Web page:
No end in sight for oil in the Gulf of Mexico, Dahr Jamail, September 13, 2011:
The possibility that brings the greatest concern is that oil is leaking from the reservoir straight out of the ground. This situation could be impossible to stop, because the vent would increase in size over time due to the highly pressurised reservoir.
"We can tell you that we recently sent a remote operated submarine down to inspect the Macondo well cap and the relief well cap [...] Both are intact and show no evidence of any oil leak. So no oil is leaking from the Macondo well." -BP spokesman
"It very well could be from natural seeps [...] What we are saying for sure is that it is not from our well head." -BP spokesman
Dr Ira Leifer, a University of California scientist who is an expert on natural hydrocarbon oil and gas emissions from the seabed:
- "From what I've seen, this new oil and sheen definitely seemed larger than typical natural seepages found in the Gulf of Mexico."
- "Because of the size and its location, there is a greater concern that should require a larger public investigation."
- "I see these new observations (of the seep) as the canary in the coal mine that indicates something could be changing at the seabed and should not be ignored and hope it goes away."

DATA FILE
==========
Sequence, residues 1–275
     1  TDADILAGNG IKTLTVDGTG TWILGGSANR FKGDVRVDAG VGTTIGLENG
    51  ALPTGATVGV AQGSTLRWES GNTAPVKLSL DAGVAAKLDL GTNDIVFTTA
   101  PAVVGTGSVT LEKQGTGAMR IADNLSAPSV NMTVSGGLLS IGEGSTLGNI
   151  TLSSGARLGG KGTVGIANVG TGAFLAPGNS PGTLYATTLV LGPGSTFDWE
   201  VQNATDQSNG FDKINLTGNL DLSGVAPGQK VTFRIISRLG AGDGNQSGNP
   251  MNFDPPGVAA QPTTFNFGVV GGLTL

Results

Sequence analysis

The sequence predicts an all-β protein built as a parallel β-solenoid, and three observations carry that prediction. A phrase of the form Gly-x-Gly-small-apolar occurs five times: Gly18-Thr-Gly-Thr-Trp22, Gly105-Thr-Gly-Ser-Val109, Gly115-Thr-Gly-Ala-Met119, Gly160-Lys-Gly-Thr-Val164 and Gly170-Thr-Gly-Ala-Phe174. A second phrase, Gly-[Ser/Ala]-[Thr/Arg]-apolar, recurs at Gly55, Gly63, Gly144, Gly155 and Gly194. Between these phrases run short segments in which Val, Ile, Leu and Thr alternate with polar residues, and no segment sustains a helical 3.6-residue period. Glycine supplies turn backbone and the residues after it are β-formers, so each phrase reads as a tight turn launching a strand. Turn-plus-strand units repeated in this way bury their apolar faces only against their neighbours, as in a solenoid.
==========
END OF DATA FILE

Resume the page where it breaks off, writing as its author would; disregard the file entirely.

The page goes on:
- "It could be a persistent, significant, continuous oil spill again, and that would require BP to go back and re-drill, and block off the pipeline even deeper than they already did, or else they would be liable for whatever the emissions are, forever, because it's not going to stop for a very long time."
- "There is natural migration in the area around Macondo, and one of the sites we've studied is MC118, about 18 km away [...] The concern is not that human activities caused a fault, but by creating pathways outside the (well) casing, they are allowing oil to travel along the well pipe then migrate horizontally until it intersects an existing vertical fault migration pathway, then reach the sea bed."
- "Definitely seems larger than typical natural seepages found in the Gulf of Mexico; both because of that and its location, there is a greater concern that should require a larger public investigation."
"I don't understand why we're seeing so much more oil out there right now than we’ve seen in the past [...] We need to dig in and investigate and see what is going on." -Dr. Ian MacDonald, a professor of biological oceanography at Florida State University, expert at locating natural oil releases on the ocean surface